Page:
A lawyer and presidential candidate, James Gillespie Birney (1792-1857) was the most influential American political leader of the antislavery movement in its early phases.
James G. Birney was born on Feb. 4, 1792, the son of a Scotch-Irish immigrant who settled in Kentucky in 1788 and became one of the state's richest men. He went to Transylvania University and graduated from Princeton in 1810. After studying law in Philadelphia, he was admitted to the bar in 1814 and settled in Danville, Ky. He married Agatha McDowell, of a prominent Kentucky family, in 1816 and was elected to the lower house of the Kentucky Legislature. He moved to Alabama in 1818 and bought a cotton plantation near Huntsville. Although he owned slaves, he favored the eventual abolition of the institution of slavery. Financial reverses forced him to sell his plantation in 1823, and he resumed his law practice in Huntsville.
Birney's conscience was increasingly troubled by slavery, and he did not hesitate to speak and write against it. In 1826 he began antislavery work in earnest. He became a member of the American Colonization Society, which hoped to eliminate slavery by resettling blacks in Africa, and was instrumental in forcing a bill through the Alabama Legislature prohibiting the importation of slaves into the state for sale or hire. A trip through the North in 1830 convinced him that slavery worked to the South's political, cultural, and economic disadvantage; a weeklong conversation with Theodore Weld, the abolitionist lecturer, who visited Alabama in 1832, reaffirmed his belief that it should no longer be tolerated. That year Birney was appointed southwestern agent for the American Colonization Society, but in 1833 he moved back to Danville because he felt that gradual emancipation might be achieved more readily in Kentucky than in Alabama and thus serve as an example to the South.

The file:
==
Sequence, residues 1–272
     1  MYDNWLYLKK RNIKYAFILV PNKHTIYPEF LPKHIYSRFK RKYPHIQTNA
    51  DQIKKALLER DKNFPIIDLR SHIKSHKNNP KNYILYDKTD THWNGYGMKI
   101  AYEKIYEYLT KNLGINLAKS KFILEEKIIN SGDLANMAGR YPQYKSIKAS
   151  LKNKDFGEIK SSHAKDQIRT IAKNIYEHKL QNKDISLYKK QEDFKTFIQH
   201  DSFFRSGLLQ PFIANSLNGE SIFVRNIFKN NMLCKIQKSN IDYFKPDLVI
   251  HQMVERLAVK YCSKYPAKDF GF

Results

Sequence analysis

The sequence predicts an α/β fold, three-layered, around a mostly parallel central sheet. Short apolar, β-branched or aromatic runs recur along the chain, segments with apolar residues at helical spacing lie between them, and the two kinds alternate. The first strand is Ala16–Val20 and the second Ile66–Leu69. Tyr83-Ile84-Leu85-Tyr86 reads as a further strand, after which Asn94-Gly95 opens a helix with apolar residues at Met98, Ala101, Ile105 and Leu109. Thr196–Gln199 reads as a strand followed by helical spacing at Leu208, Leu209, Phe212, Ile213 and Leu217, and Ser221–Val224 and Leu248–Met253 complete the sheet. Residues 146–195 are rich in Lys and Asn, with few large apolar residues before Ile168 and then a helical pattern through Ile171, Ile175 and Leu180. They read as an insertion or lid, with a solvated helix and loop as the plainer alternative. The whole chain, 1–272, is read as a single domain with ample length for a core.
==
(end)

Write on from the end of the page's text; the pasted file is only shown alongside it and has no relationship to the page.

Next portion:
Birney soon decided that gradualism would not work and that slavery must be abolished immediately. He freed his slaves in 1834 and helped form the Kentucky Antislavery Society. He planned to publish an antislavery paper in Danville, but threats led him to move to Cincinnati, where he arrived in time to assume an important role in the formation of the Ohio Antislavery Society. He became editor of its paper, the Philanthropist, which first appeared in January 1836. Although his office was looted three times and Birney himself narrowly escaped injury at the hands of a mob, he made the paper one of the most influential abolitionist organs in the West.
Birney was a believer in political action (as William Lloyd Garrison and some other abolitionists were not). The most effective way to abolish slavery, in Birney's view, was to elect men to Congress who would vote it out of existence. He left Cincinnati to become executive secretary of the American Antislavery Society in New York, and he tried vainly to persuade the dissident elements of the movement to work together. When the society split in 1840, Birney emerged as leader of its political action wing. That year he accepted the presidential nomination of the new Liberty party and polled 7,069 votes. In 1844, again the Liberty nominee, he drew more than 62,000 crucial votes, for 15,000 of them came from New York; if Henry Clay had won that state, Clay would have become president instead of James K. Polk.
Meanwhile, Birney had moved to Michigan and in 1841, after his wife's death, married the sister-in-law of the abolitionist Gerrit Smith. Birney's political future appeared to be bright, but a fall from a horse in 1845 left him partially paralyzed and ended his public career. He moved to New Jersey in 1853 and died on Nov. 25, 1857.
The biography of Birney written by his son, William Birney, James G. Birney and His Times (1890), is still useful. The best modern study is Betty Fladeland, James G. Birney: Slaveholder to Abolitionist (1955). Dwight L. Dumond, ed., The Letters of James G. Birney (2 vols., 1938), is indispensable.